18 February 2022 - Afghanistan

Afghanistan six months on: Children on the edge of life

Zahman* 3, Omfaruk* 8, Halima* 6, Nooriullah* 11, Noori* 12 live in Kabul. Their father is unemployed and unable to buy food.

Zahman* 3, Omfaruk* 8, Halima* 6, Nooriullah* 11, Noori* 12 live in Kabul. Their father is unemployed and unable to buy food.

From children living under tarpaulin in a basement, to desert communities digging wells and collecting rain water, a series of photographs for Save the Children by world-renowned photographer Jim Huylebroek to highlight the human tragedy unfolding in Afghanistan as the country marks six months since the dramatic transition of power.

The photographer travelled across the country with Save the Children – from the drought-ravaged plains of the north to the freezing streets of Kabul – capturing the stories of children whose lives have been devastated by the humanitarian crisis for the series titled “Children on the edge of life.

The images tell the stories of their fight for survival. Families making impossible decisions about which child they can afford to feed, and which will go hungry; infants dying on their way to medical treatment; mothers giving birth alone on dirt floors because they cannot afford to travel to hospital; and children forced to work on the streets to put food on the table.

In the north of Afghanistan, Laalah* 12, lives with her mother and four other siblings in a tent, built with tarpaulin sheets in the basement of a half-constructed building. Her father, Maalek*, struggles to find work as a labourer, and sometimes has no choice but to send his sons to find rubbish to sell or burn to keep their home warm.

Maalek, 40, said: “Whenever kids are free from school they go out and collect rubbish. They go onto the streets and collect and sell cans so they can afford their school expenses or food.

“My dream is to find somewhere, to build a place for them. To be able to build a house to live in so that they can stop being homeless like this.”

Laalah said: “I hope there are schools in the future. I want to go to school. To be either a teacher or doctor. I want our living to be good, to eat good food.”

Nearly five million children stand on the brink of starvation as the country faces its worst food crisis since records began. The triple impacts of drought, conflict and economic collapse have pushed many families into dangerous territory. Families sell what little they have to buy food, sending their children to work or getting by on bread alone.

The withdrawal of aid and the freezing of financial assets have driven Afghanistan’s public services to the brink of collapse. Hospitals across the country have been forced to close as wages for health workers have dried up. Desperately sick children are being turned away as there are simply no medicines to treat them, and, where they are available, soaring prices mean they are too expensive to afford.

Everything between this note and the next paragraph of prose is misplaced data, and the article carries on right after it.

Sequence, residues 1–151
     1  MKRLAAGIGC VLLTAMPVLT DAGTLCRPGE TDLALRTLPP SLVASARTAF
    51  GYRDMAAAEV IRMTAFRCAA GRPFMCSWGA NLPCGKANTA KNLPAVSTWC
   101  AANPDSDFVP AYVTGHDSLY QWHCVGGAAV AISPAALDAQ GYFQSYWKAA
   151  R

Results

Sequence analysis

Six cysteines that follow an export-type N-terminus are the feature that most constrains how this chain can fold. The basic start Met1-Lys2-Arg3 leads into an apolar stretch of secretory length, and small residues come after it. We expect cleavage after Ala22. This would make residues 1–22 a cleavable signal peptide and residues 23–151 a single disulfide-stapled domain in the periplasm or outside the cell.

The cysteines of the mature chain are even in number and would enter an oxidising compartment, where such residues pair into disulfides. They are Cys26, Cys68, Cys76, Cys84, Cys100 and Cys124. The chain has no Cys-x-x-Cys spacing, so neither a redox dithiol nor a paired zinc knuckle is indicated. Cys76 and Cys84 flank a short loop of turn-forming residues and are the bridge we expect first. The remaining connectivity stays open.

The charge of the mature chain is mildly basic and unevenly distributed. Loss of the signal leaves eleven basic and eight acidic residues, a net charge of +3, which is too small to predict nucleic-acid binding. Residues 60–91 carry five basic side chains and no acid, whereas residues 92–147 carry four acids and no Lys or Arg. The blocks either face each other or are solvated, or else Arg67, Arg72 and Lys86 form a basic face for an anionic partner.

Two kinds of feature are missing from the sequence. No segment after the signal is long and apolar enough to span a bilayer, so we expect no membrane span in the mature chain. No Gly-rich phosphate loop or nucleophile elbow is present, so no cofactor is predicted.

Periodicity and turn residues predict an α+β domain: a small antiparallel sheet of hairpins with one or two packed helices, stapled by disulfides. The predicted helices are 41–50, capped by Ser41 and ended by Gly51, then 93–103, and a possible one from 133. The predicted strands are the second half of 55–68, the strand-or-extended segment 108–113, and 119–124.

In Kabul, 12-year old Arzoo*, the oldest of seven children in her family, hasn’t been to school all winter as schools are closed. Her father hasn’t been able to work for months, most days they just eat bread because they cannot afford anything else. Arzoo’s mother, father and 18-month-old brother are ill, but the family can’t afford to go to the doctor.

She said: “Now there is no job for my father to do and bring food home. One day we have food and the next day we don’t.

Arzoo’s mother, Ferisha*, 36, said: “There is absolutely no work. People are desperate for food; there is nothing.”

When asked about the future for her children she said: “My hope is that they study and make progress; one can only have this hope.”

Save the Children’s Country Director in Afghanistan, Chris Nyamandi, said:

Each one of these stories is a powerful reminder of the grim reality for families across the country, the daily struggle to survive the winter and the millions of young lives that are at risk.

“Time is running out for Afghan children, to get the urgent support they so desperately need. Families are doing everything they can, making impossible decisions about who eats and who doesn’t.

“Humanitarian aid can get children through the winter, but this crisis can’t be solved with aid alone. Afghanistan is a cash-based economy, so without cash coming into the country, it’s not difficult to see that ordinary people are going to suffer. Governments must find a way to unlock vital funds and financial assets to prevent further mass loss of life.”

Save the Children is distributing cash, winter clothes and fuel to families in some of the hardest-hit areas to help them stay warm and fed through the bitter winter. Cash assistance helps to prevent families from resorting to desperate measures that adversely affect children such as child labour, early marriage and reduced meals.

In 2021, Save the Children’s mobile health clinics in Afghanistan conducted nearly 375,000 check-ups and treated more than 12,000 children for malnutrition. The aid agency is distributing cash, winter clothes and fuel to families in some of the hardest-hit areas to help them stay warm and fed through the bitter winter.

The photo series is available on here.

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